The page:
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Syria shells residential areas; 18 dead

Updated 12:21 p.m. ET

BEIRUT - The Syrian army shelled residential areas in central Syria on Wednesday, killing at least 18 people including an 8-year-old, human rights groups and witnessess say, in a sharp escalation in the government's attempts to crush a popular revolt against President Bashar Assad's rule.

Heavy gunfire was heard as at least three residential neighborhoods were hit by tank fire in the besieged city of Homs, which has experienced some of the largest anti-government demonstrations in recent weeks.

"There were loud explosions and gunfire from automatic rifles throughout the night and until this morning," a frightened resident told The Associated Press by telephone. "The area is totally besieged. We are being shelled."

Complete coverage: Anger in the Arab World

Activists in Damascus who were in touch with residents also reported shelling in Homs, Syria's third-largest city and home to one of its two oil refineries.

The witnesses and activists, who spoke on condition of anonymity because they feared reprisals, said the shelling was targeting the Bab Sbaa, Bab Amr and Jouret el Aris neighborhoods.

The eyewitness said several people who fled Bab Sbaa through fields told him the area was badly damaged and that the shelling seemed indiscriminate.

Syrian authorities are determined to crush the uprising, which began in the southern city of Daraa in mid-March and quickly spread nationwide. Assad has dispatched army troops backed by tanks to Homs and other communities across the country, and his security troops have carried out sweeping arrests in an attempt to intimidate would-be protesters and quell dissent.

A human rights group reported Tuesday that more than 750 people have been killed in the crackdown so far.

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In Washington, Obama administration officials said the first step in a new American approach toward Syria would be to declare that Assad has forfeited his legitimacy to rule, a policy shift that would amount to a call for regime change.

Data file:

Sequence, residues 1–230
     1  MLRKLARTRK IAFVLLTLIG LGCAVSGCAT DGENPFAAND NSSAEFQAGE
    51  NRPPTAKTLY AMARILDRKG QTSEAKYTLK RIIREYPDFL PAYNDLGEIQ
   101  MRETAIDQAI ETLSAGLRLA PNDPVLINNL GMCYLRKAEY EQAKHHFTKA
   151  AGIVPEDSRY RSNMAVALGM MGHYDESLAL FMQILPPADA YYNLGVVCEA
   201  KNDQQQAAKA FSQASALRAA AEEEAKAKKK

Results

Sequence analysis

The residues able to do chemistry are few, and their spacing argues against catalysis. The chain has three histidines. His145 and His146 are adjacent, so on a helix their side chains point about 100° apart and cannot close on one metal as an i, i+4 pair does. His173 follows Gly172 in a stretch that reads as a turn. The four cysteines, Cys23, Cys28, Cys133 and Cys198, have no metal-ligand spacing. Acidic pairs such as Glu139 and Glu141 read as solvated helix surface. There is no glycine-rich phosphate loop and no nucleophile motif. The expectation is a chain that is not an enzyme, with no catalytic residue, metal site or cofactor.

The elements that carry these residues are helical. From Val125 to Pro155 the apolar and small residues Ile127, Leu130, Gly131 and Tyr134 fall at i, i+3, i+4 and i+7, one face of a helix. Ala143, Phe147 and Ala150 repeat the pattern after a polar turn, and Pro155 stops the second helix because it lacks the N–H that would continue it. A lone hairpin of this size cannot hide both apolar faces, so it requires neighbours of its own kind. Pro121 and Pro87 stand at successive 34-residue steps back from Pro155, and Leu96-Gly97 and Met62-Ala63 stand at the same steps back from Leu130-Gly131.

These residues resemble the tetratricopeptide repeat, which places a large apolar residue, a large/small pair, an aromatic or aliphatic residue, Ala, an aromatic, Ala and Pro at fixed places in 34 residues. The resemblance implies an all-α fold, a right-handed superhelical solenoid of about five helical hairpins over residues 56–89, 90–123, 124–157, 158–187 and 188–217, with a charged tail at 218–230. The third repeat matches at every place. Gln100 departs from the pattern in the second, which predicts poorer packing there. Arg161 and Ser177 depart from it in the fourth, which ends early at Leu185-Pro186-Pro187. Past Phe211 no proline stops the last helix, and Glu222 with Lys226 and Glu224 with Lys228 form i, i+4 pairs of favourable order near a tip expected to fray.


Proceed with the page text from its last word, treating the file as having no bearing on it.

The tougher U.S. line almost certainly would echo demands for "democratic transition" that the administration used in Egypt and is now espousing in Libya, the officials said. But directly challenging Assad's leadership is a decision fraught with problems: Arab countries are divided, Europe is still trying to gauge its response and there are major doubts over how far the United States could go to back up its words with action.

Senators Marco Rubio, R-Fla., and Joe Lieberman, I-Conn., have introduced a resolution calling for the U.S. to withdraw its diplomats and sever ties with Syria.

"Any time the government uses government forces and army forces to kill unarmed forces to hold on to power that makes them illegitimate," Rubio told CBS's "The Early Show" Wednesday. "I hope the United States will be a clear voice saying that."

But, "I don't think anyone is advocating military action in Syria," Rubio said. "I don't think that's the right approach. ... The solution is to be a leading voice in the world. What the U.S. says on the issues matters to people and we are still the most powerful and important country on earth."

Assad has announced a series of reforms, widely viewed as symbolic overtures to appease protesters.

On Wednesday, he was quoted by Syria's private Al-Watan newspaper urging Syrians to cooperate with the government so that the reform process may continue. He also pledged a swift solution to the issue of detainees who were jailed during the unrest.

The newspaper said Assad's remarks were made during a three-hour meeting with a delegation from the suburbs of Damascus including Maadamiyeh, which has been sealed off for days by the army as it pursued what it said were "armed groups."

Despite the security measures, small demonstrations were reported in several areas in the past few days.

Activists said three protesters were killed late Tuesday when government forces fired on demonstrations in Jassem, one of a cluster of villages near the besieged city of Daraa.

The government's heavy-handed response has triggered new international sanctions. The European Union has decided to impose sanctions on 13 Syrian officials, prohibiting them from traveling anywhere in the 27-nation bloc. U.S. sanctions target the assets of two Assad relatives and another top Syrian official. But neither EU nor U.S. sanctions target Assad himself, who succeeded his father as Syria's ruler 11 years ago..

U.N. chief Ban Ki-moon urged Syria Wednesday to allow an international aid assessment team to enter Daraa. He told reporters in Geneva he is disappointed the assessment team "has not yet been given the access it needs."

Ban added he had been assured by Assad that the team would be allowed into the city.